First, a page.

Particle accelerator breaks world record for collisions, raising tantalizing possibilities for new physics
Credit: Andrew Higley/UC Creative
University of Cincinnati physicists celebrated a new world record as part of a research team working on a Japanese particle collider.
The SuperKEKB collider observed a record rate of particle collisions, referred to as luminosity, since launching in 2018. And this is only the beginning. The collider is expected to top that record 40 times over in coming years as researchers try to explain basic principles of the universe.
UC physicists Kay Kinoshita and Alan Schwartz are pursuing several topics including dark matter, which is believed to make up a majority of the matter in the universe but hasn’t been observed, at least directly.
“We hope our accelerator experiment can detect dark matter if it exists in a way that hasn’t been probed before,” Kinoshita said.
More collisions mean more opportunity to explore puzzles of particle physics that could help explain fundamental forces in the universe: like why matter prevails over antimatter. The accelerator fires positrons and electrons at each other around a 3-kilometer ring. When they collide, they often create new matter.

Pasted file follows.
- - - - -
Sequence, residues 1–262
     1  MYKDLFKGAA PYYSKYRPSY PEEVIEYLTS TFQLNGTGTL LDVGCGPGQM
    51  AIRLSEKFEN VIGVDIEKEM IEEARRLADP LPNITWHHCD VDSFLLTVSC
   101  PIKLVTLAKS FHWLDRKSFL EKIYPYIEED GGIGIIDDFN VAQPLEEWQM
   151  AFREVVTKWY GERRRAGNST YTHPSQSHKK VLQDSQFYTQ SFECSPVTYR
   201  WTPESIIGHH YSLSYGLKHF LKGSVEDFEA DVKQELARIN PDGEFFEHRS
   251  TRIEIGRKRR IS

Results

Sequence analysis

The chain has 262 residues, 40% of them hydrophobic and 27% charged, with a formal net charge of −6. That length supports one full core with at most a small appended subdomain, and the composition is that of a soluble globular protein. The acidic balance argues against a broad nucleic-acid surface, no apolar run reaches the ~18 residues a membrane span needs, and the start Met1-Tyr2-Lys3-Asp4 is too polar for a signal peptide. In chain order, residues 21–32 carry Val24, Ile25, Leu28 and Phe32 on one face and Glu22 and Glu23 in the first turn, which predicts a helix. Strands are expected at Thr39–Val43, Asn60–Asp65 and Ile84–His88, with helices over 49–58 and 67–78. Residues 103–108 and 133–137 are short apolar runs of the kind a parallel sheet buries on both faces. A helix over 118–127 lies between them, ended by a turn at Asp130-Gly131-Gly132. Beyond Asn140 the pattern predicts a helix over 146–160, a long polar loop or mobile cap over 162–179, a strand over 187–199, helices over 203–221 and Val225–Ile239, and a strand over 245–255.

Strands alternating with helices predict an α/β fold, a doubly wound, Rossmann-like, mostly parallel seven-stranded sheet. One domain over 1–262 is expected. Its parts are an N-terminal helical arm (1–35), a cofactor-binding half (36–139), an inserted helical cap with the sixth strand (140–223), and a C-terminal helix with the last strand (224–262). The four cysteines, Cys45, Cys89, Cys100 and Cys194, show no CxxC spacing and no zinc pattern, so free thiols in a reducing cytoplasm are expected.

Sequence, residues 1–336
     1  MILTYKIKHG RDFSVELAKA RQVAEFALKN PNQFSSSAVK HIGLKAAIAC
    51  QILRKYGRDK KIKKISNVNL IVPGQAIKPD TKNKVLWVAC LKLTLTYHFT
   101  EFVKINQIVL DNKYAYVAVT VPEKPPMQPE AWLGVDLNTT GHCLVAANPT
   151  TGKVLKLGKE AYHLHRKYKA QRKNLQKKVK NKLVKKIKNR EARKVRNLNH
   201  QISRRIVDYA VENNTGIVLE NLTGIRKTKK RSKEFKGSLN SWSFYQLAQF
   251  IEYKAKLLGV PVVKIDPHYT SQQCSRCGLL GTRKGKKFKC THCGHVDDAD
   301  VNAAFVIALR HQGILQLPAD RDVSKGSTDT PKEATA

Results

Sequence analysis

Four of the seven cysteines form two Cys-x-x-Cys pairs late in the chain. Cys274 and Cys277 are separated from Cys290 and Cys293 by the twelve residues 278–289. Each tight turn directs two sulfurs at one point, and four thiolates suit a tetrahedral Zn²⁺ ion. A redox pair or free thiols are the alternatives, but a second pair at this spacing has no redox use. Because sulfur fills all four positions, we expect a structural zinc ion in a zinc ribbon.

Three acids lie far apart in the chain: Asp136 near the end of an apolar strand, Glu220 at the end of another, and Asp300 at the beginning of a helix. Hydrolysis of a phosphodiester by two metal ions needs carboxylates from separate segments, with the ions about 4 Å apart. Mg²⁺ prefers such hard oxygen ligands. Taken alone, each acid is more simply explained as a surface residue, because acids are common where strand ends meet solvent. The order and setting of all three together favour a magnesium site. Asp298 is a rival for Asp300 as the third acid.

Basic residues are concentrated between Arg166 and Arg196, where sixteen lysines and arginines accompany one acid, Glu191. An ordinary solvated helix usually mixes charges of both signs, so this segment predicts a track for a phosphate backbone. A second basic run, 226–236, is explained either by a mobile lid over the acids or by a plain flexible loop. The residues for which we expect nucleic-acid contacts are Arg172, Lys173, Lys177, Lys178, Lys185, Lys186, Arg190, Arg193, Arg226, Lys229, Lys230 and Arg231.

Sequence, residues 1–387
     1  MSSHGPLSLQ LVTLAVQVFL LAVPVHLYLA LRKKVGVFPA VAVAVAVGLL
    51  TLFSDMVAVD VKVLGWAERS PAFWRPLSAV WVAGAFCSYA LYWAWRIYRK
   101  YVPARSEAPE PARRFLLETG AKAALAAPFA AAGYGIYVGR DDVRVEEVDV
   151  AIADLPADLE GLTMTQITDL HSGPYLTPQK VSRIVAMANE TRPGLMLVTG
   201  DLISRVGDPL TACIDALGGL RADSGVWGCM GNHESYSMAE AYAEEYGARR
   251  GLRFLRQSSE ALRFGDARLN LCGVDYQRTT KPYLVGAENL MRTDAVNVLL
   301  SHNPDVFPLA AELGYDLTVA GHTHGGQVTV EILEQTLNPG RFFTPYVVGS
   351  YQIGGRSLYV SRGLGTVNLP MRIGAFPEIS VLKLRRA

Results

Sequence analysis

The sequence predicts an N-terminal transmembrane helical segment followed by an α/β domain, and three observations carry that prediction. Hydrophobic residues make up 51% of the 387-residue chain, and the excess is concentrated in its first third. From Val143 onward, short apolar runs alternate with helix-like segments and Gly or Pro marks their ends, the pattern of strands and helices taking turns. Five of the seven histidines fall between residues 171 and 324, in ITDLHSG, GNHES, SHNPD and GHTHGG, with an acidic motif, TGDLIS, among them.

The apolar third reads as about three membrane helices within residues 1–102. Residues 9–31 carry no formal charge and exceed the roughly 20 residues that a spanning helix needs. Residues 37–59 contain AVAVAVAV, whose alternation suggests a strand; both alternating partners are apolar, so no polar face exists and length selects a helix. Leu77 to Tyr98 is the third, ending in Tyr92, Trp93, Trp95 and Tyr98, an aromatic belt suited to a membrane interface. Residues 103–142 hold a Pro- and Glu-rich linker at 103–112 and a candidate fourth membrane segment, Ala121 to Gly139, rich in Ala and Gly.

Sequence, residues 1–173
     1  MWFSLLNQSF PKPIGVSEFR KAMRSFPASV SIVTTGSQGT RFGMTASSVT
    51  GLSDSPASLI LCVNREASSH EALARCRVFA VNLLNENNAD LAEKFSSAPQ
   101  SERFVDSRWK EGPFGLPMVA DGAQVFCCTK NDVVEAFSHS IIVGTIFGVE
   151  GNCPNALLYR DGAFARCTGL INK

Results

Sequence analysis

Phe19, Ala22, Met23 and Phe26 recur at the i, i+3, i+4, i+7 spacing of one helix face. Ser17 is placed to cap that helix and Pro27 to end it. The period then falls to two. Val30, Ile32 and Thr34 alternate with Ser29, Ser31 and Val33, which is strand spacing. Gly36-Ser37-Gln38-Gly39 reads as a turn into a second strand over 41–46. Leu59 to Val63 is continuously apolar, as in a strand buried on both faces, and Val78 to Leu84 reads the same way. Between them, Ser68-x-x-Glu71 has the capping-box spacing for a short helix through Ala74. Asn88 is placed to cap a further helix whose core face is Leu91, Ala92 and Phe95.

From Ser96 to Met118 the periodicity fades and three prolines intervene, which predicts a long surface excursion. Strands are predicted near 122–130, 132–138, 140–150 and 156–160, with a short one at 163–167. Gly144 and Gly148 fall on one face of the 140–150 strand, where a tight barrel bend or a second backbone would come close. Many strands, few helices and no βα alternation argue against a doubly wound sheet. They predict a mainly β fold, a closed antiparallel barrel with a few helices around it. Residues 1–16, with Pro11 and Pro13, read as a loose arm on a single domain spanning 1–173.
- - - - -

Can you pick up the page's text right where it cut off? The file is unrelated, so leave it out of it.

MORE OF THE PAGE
“We observe dark matter indirectly from astronomical observations. The question is what is it?” Kinoshita said. “This experiment is looking in new corners of possibility that have opened up.”
Particle physicists are especially excited about SuperKEKB because of its potential for observing more unusual phenomena.
Schwartz and his students designed and built one of the particle detectors at the collider. They used precision-crafted bars of optical-grade quartz that they assembled on site to identify new particles created by the collisions.
“This milestone represents a significant advance in accelerator design,” Schwartz said. “The accelerator uses the so-called ‘nano-beams’ approach, in which the beams are squeezed in the vertical direction to become very thin.”
Schwartz said this greatly increases the likelihood of electrons colliding with positrons traveling at each other at nearly the speed of light.
Schwartz said SuperKEKB will be flattening the twin beams even more to just 60 nanometers, or less than 1% the diameter of a human hair. Likewise, the collider will generate more electrons and positrons to generate more collisions and more data.
The global pandemic has interrupted international travel for the UC physicists. But SuperKEKB has continued to run, and the Belle II experiment to accumulate data, thanks to members around the world taking turns around the clock to monitor its operation remotely. Kinoshita finished training to supervise one of these remote shifts.
“It is pretty intense. These experiments are incredibly complex. So many things can go wrong,” she said.
But Kinoshita has been preparing for this experiment her entire 38-year academic career. She has been working in experimental particle physics since 1982.
“It’s fun because it’s challenging. You know you’re working on things nobody has ever worked on before,” she said.